North Carolina is the latest in the ongoing series of scandals from state crime labs. Last week, Attorney General Roy Cooper suspended the unit that handles bloodstain pattern analysis after it emerged that the State Bureau of Investigations changed reports and testimony to match prosecutors theories on what had occurred in a murder scene. This latest case of questionable results began in the fall of 2007 when county prosecutors studied a suspicious bloodstain in a crime scene photograph, looking for evidence that Kirk Turner intentionally slashed his wife's throat with a pocketknife. Turner, a dentist, claimed that he acted in self-defense; however, prosecutors noticed a V-shaped stain on Kirk Turner's T-shirt. Prosecutors met with SBI Bloodstain pattern analysts who altered testimony and reports to match the prosecutors' theories. The men further conducted a series of "tests" to attempt to justify their results. One analyst stuck steadfastly to the story, even after it became clear that he had filed an erroneous account of the crime scene.
Testimony from the SBI has come under questioning in three other cases recently, most notably after one man was freed after seventeen years and another after fourteen years. Both convictions relied heavily on blood stain evidence from the SBI crime lab that turned out to be unreliable.
In the fall of 2007, Davie County prosecutors studied a suspicious bloodstain in a crime scene photograph, looking for evidence that Kirk Turner intentionally slashed his wife's throat with a pocketknife.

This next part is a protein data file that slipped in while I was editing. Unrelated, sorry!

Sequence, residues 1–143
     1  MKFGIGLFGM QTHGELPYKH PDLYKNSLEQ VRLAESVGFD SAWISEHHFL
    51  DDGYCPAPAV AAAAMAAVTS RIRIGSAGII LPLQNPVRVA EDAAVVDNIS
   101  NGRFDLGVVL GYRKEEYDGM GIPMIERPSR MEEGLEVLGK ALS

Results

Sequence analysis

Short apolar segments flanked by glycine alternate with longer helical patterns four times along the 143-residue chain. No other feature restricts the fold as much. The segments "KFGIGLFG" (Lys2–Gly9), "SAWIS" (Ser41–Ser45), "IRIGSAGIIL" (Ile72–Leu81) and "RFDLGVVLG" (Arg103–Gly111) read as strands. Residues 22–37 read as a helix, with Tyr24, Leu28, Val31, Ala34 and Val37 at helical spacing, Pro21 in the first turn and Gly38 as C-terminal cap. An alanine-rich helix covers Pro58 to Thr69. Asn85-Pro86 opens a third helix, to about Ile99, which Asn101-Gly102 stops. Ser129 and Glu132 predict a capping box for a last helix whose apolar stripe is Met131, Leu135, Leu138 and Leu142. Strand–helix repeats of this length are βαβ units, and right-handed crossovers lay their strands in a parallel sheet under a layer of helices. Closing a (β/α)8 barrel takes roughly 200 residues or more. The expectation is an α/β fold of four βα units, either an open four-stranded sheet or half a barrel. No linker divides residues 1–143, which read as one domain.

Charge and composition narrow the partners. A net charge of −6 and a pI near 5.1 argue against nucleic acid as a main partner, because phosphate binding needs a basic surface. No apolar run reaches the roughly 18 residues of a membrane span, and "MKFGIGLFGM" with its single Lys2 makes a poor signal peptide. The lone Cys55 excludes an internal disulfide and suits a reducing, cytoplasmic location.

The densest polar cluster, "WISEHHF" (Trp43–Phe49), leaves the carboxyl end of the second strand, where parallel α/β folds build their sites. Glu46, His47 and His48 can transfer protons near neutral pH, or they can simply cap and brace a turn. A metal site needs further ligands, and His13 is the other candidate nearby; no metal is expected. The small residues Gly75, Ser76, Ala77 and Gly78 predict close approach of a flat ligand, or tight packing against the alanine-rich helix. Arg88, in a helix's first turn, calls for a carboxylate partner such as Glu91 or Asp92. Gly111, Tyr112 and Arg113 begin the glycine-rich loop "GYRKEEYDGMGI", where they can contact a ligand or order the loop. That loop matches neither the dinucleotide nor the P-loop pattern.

Turner, a Kernersville dentist, said he killed Jennifer Turner in self-defense after she attacked him with a 7-foot spear. But prosecutors noticed a V-shaped stain on Kirk Turner's T-shirt.
They charged Turner with murder, and then turned to the State Bureau of Investigation to help prove their theory: Turner killed her, wiped the knife on his shirt, then staged the scene by ramming the 18-inch blade through his thigh, twice.Quantcast
Bloodstain pattern analysts Gerald Thomas and his mentor, Duane Deaver, embraced the prosecutors' theory.
Thomas quietly changed his initial report, which was consistent with self-defense. After a renowned bloodstain pattern expert disagreed with Thomas, Deaver and Thomas conducted unscientific tests to shore up the prosecution.
Thomas stuck steadfastly to the story, even after it became clear that he had filed an erroneous account of the crime scene.
Last year, a jury quickly acquitted Turner. The foreman said jurors were stunned by the SBI's conduct.
"Politically, socially, religiously, I'm conservative; I'm a law-and-order man," said Landon Potts, an insurance claims adjuster. "But I don't know what other word to use but a fraud."
Deaver is a major character in the emerging story of the SBI's troubles. His withholding of evidence contributed to three judges in February declaring Greg Taylor innocent of a 1991 murder and freeing him from life in prison. Attorney General Roy Cooper then ordered an audit of the blood analysis unit.
At the bureau's crime labs, where Deaver has been a key agent and trainer, analysts charged with using science to solve crimes have hidden test results or concocted bizarre experiments to shore up a prosecutor's case, a News & Observer investigation reveals.
Deaver and Thomas are among at least 10 SBI agents and analysts who have tailored their investigations to please prosecutors, ignored key evidence or locked on to suspects who turned out to be innocent.